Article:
Follow-Up Activities

Sample Measurements
For schools whose River Study measurements have been soaked by a downpour or are unreadable, a set of sample recordings is available on e-mail request Numeracy
Draw cross sections, to scale, of the upper and lower valley sites. Use the recorded information from the river study activity to draw a cross-section of where you measured the depths across the river. What is the average depth?
Calculate the water area. Using your depth readings make a downstream drawing. What is the average depth in the stream centre? Analyse your group's readings of the float activity and explain why the times taken were different. Work out the velocity of the stream (distance divided by time in seconds) in metres per second. Calculate the volume of water in cubic metres per second (area x velocity). What are the other groups' findings? Make hypotheses for the variations and justify with statistical evidence.
If you did an invertebrate study, graph the frequency of types of life found, draw conclusions from findings at different sites. Sketch them and classify as herbivores, carnivores or detritivores and develop a food chain. Graph biotic index scores.

How can you help conserve the countryside? Write about litter, dams, bank breakdown, shouting, stone throwing, off path disturbance, single file walking, dogs, bikers, picking of flowers. How can your lifestyle can influence where you visit and what you see (the food or fashion products you buy, packaging, eating habits, exercise).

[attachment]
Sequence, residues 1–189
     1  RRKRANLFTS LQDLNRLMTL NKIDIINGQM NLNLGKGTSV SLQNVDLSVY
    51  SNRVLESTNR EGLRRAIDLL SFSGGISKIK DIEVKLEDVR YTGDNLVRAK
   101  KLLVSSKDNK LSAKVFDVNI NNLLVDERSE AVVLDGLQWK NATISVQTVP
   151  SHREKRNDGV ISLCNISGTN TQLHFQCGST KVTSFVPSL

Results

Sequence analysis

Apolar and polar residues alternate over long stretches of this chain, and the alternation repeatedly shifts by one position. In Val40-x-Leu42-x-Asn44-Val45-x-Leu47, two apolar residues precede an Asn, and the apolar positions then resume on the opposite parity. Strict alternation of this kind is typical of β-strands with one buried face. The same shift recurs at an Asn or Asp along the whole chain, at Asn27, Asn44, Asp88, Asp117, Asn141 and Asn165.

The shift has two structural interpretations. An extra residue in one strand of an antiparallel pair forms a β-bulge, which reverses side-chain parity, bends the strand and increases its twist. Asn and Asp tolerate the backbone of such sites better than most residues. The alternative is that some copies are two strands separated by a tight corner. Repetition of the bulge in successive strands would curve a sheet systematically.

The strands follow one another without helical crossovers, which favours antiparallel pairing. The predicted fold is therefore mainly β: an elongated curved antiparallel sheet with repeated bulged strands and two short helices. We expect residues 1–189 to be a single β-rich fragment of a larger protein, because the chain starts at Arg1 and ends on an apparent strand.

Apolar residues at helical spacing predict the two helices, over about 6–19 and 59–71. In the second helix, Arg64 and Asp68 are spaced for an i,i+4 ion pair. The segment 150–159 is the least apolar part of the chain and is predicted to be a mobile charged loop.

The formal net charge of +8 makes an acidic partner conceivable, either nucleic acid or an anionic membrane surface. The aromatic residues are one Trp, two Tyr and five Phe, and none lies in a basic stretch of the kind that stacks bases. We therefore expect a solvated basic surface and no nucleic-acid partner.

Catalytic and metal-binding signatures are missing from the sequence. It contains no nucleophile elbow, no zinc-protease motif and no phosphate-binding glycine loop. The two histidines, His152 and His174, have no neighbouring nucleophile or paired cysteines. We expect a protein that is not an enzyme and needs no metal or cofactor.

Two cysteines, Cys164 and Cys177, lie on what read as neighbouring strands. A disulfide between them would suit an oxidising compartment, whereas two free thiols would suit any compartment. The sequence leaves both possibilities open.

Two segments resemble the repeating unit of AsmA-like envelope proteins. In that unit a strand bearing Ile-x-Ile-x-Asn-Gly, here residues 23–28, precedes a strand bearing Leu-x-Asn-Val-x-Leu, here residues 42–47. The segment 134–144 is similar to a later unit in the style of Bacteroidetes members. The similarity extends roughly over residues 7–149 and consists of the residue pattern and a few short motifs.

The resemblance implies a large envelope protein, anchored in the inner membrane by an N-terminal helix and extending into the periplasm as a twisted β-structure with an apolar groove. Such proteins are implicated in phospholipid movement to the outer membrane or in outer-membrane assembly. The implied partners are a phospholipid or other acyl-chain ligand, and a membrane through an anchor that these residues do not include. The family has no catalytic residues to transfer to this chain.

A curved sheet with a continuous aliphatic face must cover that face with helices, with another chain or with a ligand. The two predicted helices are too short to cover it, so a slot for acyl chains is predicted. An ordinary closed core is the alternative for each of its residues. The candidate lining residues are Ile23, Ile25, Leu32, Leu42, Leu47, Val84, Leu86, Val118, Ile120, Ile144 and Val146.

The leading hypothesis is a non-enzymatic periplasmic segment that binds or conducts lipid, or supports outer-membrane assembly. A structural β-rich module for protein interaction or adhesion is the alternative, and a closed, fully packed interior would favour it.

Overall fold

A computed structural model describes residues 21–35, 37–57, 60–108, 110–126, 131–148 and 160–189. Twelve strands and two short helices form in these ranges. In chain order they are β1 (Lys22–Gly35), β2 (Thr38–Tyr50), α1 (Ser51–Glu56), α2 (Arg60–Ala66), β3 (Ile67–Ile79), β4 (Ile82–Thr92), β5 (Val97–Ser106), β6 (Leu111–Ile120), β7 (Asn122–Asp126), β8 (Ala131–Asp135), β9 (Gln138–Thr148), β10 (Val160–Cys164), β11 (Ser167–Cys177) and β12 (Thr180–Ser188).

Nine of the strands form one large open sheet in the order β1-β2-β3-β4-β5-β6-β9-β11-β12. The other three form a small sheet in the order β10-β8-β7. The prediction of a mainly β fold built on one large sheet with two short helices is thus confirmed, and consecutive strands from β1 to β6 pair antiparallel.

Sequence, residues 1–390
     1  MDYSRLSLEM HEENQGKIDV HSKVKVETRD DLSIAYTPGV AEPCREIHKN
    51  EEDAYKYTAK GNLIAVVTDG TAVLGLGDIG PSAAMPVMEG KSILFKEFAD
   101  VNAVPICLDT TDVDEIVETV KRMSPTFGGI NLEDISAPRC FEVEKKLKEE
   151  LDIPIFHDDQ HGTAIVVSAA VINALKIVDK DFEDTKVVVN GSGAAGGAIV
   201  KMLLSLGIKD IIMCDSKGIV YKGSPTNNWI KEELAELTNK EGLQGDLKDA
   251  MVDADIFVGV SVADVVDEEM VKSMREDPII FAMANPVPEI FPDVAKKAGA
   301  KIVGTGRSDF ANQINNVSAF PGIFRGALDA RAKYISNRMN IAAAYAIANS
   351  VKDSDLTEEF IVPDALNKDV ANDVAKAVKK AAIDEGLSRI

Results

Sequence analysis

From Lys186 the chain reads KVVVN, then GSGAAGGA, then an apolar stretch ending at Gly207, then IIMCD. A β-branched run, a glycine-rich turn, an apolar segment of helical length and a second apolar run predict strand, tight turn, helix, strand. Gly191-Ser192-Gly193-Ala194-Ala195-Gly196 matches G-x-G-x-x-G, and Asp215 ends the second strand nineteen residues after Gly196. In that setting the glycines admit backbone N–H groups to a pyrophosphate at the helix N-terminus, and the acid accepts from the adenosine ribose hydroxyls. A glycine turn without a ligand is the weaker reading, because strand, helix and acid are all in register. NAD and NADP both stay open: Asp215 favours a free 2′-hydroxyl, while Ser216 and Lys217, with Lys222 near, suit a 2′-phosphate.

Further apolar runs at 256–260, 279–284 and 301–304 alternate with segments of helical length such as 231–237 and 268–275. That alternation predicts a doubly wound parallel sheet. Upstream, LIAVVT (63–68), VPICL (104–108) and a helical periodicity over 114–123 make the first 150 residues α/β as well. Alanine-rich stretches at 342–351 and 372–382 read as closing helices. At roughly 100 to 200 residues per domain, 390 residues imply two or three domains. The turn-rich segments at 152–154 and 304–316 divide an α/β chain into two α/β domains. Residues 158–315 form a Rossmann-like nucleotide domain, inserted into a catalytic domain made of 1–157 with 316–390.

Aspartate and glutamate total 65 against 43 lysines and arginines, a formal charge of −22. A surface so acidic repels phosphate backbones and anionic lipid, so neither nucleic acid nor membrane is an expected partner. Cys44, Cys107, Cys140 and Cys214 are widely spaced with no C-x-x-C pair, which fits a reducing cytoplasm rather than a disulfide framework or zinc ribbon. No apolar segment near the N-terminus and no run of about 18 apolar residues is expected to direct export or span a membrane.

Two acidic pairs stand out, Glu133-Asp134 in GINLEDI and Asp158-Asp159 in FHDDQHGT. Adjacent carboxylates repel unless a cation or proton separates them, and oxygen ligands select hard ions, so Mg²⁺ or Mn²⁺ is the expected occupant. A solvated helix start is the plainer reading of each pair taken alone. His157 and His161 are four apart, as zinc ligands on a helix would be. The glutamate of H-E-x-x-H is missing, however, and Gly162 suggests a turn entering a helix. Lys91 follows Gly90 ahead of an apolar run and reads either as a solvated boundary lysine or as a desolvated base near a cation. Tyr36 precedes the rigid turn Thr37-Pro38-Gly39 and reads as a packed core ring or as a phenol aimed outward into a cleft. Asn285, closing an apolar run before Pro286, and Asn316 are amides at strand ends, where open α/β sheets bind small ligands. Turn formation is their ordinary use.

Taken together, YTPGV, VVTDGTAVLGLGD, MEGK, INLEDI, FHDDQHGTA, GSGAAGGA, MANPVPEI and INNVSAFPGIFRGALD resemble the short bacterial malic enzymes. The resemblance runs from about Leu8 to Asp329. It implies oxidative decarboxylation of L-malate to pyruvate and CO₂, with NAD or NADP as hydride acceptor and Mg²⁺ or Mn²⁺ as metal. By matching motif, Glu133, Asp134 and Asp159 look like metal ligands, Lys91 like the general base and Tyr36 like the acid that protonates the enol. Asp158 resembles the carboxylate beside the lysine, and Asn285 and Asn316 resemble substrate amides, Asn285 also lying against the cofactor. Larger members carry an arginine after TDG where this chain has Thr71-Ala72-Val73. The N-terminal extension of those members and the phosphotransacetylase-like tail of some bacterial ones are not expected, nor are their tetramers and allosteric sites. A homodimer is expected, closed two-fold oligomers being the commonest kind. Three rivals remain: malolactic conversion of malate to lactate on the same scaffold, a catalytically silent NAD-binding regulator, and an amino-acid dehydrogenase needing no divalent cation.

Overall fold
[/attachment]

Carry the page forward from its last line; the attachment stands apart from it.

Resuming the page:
Dictionary definitions: create your own for: confluence, tributary, source, channel, mouth, spring, watershed, leat, point bar, meander, pool, riffle, scree, erode.
Abbreviations: NT at CMV is ESA (Environmentally Sensitive Area) AONB (Area of Outstanding Natural Beauty) SSSI (Site of Special Scientific Interest). Devise your own for a country code. Make a list of well know ones.
National Trust: describe its work in CMV (footpath repairs, pitching, scree cages, geo-jute, tree planting, drainage traps, litter collection, spraying bracken) Discuss problems: sheep, sheep scrapes, bracken, fires, terracing or soil creep.
Natural History: Library research of gorse, bracken, heather, lichens, bilberry, freshwater invertebrates.
Pools of Imagination: Create own stories describing silt ponds, river sounds, flowing movement, riverbank animals and plants, reaction of people to water. 'Mr Grumpy's Outing'. 'Webster's Walk'.

Reproduce a quality labelled diagram from the field sketch using an explanatory key from above definitions. Where did the stream come from and where is it going? Life cycle of river, draw and annotate. Water usage in homes now and in the past. Rivers used for transport, energy, recreation, industry. Pollution. Soil retention by grass. Differences on slopes, both in types of vegetation and in amount of crags and scree. Why? Human impacts on the valley. Honeypot site - list CMV services to attract tourists away from other valleys.

History of Geology. Valley formation. Bodbury Hillfort 500BC. From oak forest to hill farming. The Mill 1812. Factory 1824. Bottling 1881. Reservoir 1902. Scandinavian Chalet Pavilion 1920. Swimming Pool 1930 - 1960. Research the history of the valley in the 'Background' section of our website.

Compose a piece to illustrate your impression of the valley. Paint a fearsome Perygl.

Create sounds and poetry for ways water is crossed or moved.

NB: We welcome comments about our service, extra ideas for follow-up and examples of work for display. All contributions welcome: National Trust Education, Carding Mill Valley, Church Stretton, SY6 6JG.

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